Hap Collins and Leonard Pine, protagonists of the three seasons of Hap and Leonard, are one more example of that predilection of writers and writers for strange couples. They join a long tradition that in literature goes back to Quixote and in the audiovisual world it already has unforgettable characters, from Marty Hart and Rustin Rust Cohle of the first season of True Detective or the Karl Roebuck and Elise Wassermann of The tunnel, to the great Pascual and Teo, from the Spanish Slaughterhouse, to name just a few examples.
They are couples who, at times, defile wrongs and others, facen. Hap and Leonard reach the synthesis: in the first – and best – season they generate the drama in a Texas town by desperately searching for the hidden booty of a bank robbery. Greed will lead you to strange alliances and to skirt the abyss. In the second, instead of creating chaos they will solve a terrible case of a serial killer of children. In the third, and also to unravel a kidnapping, will be face to face with that American institution that is the Ku Klux Klan, what has its then Leonard (Michael K. Williams, an extraordinary black actor who dazzled us in The Wire) is not only African-American, but in the series is a homosexual without complexes, which would say any leader of the PP.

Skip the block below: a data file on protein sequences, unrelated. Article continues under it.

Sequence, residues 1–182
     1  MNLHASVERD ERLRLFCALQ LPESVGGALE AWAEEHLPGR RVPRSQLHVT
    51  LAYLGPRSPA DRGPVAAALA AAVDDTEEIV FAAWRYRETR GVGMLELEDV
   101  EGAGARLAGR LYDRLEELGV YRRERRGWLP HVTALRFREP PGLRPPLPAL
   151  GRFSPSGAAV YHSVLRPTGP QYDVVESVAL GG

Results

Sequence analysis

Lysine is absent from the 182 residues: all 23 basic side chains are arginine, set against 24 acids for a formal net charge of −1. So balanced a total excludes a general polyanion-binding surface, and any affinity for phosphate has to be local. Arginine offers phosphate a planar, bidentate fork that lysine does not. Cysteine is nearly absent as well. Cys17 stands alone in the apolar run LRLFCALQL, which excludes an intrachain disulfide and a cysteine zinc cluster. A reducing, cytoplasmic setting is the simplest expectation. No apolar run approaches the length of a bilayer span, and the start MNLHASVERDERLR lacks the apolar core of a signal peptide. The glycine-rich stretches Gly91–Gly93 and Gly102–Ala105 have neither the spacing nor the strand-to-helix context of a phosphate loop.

A black and gay Southerner has all the tickets for the lynching raffle. If, in addition, it turns out that he participated in the Vietnam War and is a Republican, the chaos is in himself, which is projected in some sarcastic and excellent dialogues with his partner (James Purefoy), white, conscientious objector and declared in love. while they travel the always surprising landscapes of the deep America accompanied by excellent secondary ones. The remarkable series is based on the characters of the same name created by the novelist Joe R. Landsdale. Unfortunately, nobody remembered the mother of all the police couples: the Benemérita.